Starting a music career at age 40 is uncommon. It is also rare for a rising musician to leave the industry for a few years and then return with any chance of being successful again,
Yet Sharon Jones, the lead singer of Sharon Jones and the Dap Kings, has beaten the odds of both the harsh music industry and of surviving stage II pancreatic cancer, which has a 10 percent survival rate. Her performance last Thursday, Feb. 6 at the Beacon Theater put that resilience and spirit on display for the first time since Jones’ treatment for her cancer.
After a few soulful opening songs from the Dap Kings with Saundra Williams and Starr Duncan, formerly known as the Dapettes (backup singers), Jones burst out on stage to a roaring audience. Her soul and rhythm-and-blues style came straight from the heart and easily filled the Beacon.
Two or three times Jones had to stop to remember words or catch her breath during the hour and 45 minute show — a lengthy show for any performer, but especially astounding for somebody who just beat cancer.
During those breaks, Jones took the time to point out people in the audience that helped her through her recovery such as her doctor, the friend she now lives with and the leader of the wedding band she used to sing with. She also called up two people from the audience. The first was a young woman with whom Jones danced and sang her version of “This Land is Your Land.” The second was an older man who danced along to Jones’ song “Long Time, Wrong Time.”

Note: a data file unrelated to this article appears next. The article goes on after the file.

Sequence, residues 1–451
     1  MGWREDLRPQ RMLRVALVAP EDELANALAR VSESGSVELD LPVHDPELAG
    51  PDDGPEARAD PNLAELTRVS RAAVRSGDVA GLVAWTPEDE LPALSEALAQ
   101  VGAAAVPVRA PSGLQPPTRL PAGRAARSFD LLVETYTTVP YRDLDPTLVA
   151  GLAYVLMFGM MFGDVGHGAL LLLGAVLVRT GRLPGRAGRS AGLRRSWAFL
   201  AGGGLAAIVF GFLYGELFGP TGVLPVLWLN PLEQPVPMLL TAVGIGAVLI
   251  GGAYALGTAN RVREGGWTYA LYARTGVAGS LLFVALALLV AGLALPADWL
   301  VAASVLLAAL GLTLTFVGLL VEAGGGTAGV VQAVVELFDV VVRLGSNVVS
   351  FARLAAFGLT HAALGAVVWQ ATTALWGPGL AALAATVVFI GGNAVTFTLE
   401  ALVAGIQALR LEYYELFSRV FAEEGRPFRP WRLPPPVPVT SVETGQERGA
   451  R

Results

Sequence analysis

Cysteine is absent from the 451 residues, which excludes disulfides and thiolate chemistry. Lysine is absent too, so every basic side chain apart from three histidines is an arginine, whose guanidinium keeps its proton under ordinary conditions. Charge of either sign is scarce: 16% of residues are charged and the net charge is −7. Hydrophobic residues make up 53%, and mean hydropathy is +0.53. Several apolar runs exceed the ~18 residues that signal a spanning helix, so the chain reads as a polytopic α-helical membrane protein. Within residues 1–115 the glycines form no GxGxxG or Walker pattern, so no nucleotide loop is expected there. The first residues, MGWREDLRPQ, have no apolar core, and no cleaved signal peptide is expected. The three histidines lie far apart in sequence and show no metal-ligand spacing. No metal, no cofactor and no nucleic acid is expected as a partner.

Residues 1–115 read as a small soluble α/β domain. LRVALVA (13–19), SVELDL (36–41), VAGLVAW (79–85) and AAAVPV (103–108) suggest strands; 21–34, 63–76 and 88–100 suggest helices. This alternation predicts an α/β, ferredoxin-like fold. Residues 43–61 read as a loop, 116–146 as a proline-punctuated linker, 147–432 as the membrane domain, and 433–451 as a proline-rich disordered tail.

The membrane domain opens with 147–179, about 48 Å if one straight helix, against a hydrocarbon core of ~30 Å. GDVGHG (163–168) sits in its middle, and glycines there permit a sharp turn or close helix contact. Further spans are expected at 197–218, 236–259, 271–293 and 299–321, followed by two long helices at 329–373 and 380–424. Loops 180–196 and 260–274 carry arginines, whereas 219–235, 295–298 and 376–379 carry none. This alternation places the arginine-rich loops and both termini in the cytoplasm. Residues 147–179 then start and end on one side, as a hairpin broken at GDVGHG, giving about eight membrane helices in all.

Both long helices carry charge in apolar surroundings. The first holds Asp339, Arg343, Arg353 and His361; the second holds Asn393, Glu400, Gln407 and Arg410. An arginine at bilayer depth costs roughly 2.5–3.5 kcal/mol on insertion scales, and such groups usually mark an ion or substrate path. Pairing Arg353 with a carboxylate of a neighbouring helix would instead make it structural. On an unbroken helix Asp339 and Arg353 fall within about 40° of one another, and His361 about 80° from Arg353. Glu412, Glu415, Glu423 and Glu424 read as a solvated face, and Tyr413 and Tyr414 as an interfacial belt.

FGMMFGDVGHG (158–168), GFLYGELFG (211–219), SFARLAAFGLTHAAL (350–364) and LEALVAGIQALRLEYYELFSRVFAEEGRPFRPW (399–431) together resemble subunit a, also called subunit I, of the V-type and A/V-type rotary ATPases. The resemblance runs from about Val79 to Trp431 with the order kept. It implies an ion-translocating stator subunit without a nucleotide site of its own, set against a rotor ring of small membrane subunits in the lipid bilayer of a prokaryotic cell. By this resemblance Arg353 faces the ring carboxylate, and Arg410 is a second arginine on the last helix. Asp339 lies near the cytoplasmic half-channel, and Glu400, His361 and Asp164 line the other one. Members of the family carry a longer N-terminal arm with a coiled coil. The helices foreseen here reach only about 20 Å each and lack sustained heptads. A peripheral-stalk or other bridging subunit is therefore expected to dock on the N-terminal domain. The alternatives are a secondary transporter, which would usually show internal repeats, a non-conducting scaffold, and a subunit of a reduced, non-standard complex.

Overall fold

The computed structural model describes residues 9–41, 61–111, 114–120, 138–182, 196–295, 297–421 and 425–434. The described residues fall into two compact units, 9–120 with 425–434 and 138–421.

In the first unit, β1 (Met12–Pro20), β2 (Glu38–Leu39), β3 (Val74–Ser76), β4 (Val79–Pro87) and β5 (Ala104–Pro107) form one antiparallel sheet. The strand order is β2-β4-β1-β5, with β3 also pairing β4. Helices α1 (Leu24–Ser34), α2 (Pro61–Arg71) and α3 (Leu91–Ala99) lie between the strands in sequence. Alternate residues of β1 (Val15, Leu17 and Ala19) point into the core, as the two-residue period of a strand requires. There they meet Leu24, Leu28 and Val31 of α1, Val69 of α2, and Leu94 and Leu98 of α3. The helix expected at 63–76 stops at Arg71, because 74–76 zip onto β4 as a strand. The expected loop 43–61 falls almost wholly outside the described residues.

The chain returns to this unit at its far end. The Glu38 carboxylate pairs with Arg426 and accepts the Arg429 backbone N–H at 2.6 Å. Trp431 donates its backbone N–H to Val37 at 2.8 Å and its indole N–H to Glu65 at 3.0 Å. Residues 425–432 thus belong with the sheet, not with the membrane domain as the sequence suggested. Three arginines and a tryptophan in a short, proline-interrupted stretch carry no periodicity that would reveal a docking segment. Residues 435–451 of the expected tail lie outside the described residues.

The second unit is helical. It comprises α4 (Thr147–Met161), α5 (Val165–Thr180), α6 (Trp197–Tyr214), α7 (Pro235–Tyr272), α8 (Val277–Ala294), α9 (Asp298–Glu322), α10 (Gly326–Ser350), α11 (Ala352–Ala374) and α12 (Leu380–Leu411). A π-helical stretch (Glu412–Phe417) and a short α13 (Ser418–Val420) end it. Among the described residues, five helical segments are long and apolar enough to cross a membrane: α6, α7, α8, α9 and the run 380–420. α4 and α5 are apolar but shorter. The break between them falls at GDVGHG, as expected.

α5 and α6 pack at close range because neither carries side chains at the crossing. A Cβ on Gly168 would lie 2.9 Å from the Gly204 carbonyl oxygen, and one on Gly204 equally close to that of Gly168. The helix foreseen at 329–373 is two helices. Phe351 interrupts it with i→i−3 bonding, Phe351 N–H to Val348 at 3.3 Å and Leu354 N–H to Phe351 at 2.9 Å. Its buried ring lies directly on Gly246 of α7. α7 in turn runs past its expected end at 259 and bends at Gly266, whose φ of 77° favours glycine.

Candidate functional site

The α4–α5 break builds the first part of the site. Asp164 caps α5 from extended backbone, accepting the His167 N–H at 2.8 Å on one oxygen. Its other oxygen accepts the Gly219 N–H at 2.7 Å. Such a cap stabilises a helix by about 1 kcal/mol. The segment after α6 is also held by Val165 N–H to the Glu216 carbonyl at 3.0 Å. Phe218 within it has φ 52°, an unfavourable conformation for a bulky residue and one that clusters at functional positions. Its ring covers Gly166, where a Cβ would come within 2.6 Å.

One of the highlights of the night came when the horns blared the recognizable first few bars of Sharon Jones and the Dap Kings’ most famous song, “100 Days, 100 Nights”. The crowd immediately recognized the favorite and somehow grew louder and danced more energetically than they had been already.
Just like with every other song, Jones put her heart, soul and hips into the powerful number. The energy of this performance might have been matched only by Jones’ encore during which she sang “When I Come Home” and showcased the dance moves of the ’60s and ’70s like the boogaloo, the pony, the jerk and the twist.
The atmosphere at the theater that night was reminiscent of the Motown era. Daptone Records, the independent recording company that signed with Jones and other artists of the same soul, has strived to reignite this soulful flame and they are getting what they asked for from this marvelous band of performers.
A version of this article appeared in the Feb. 13 print edition. Sean Hickey is a contributing writer. Email him at firstname.lastname@example.org.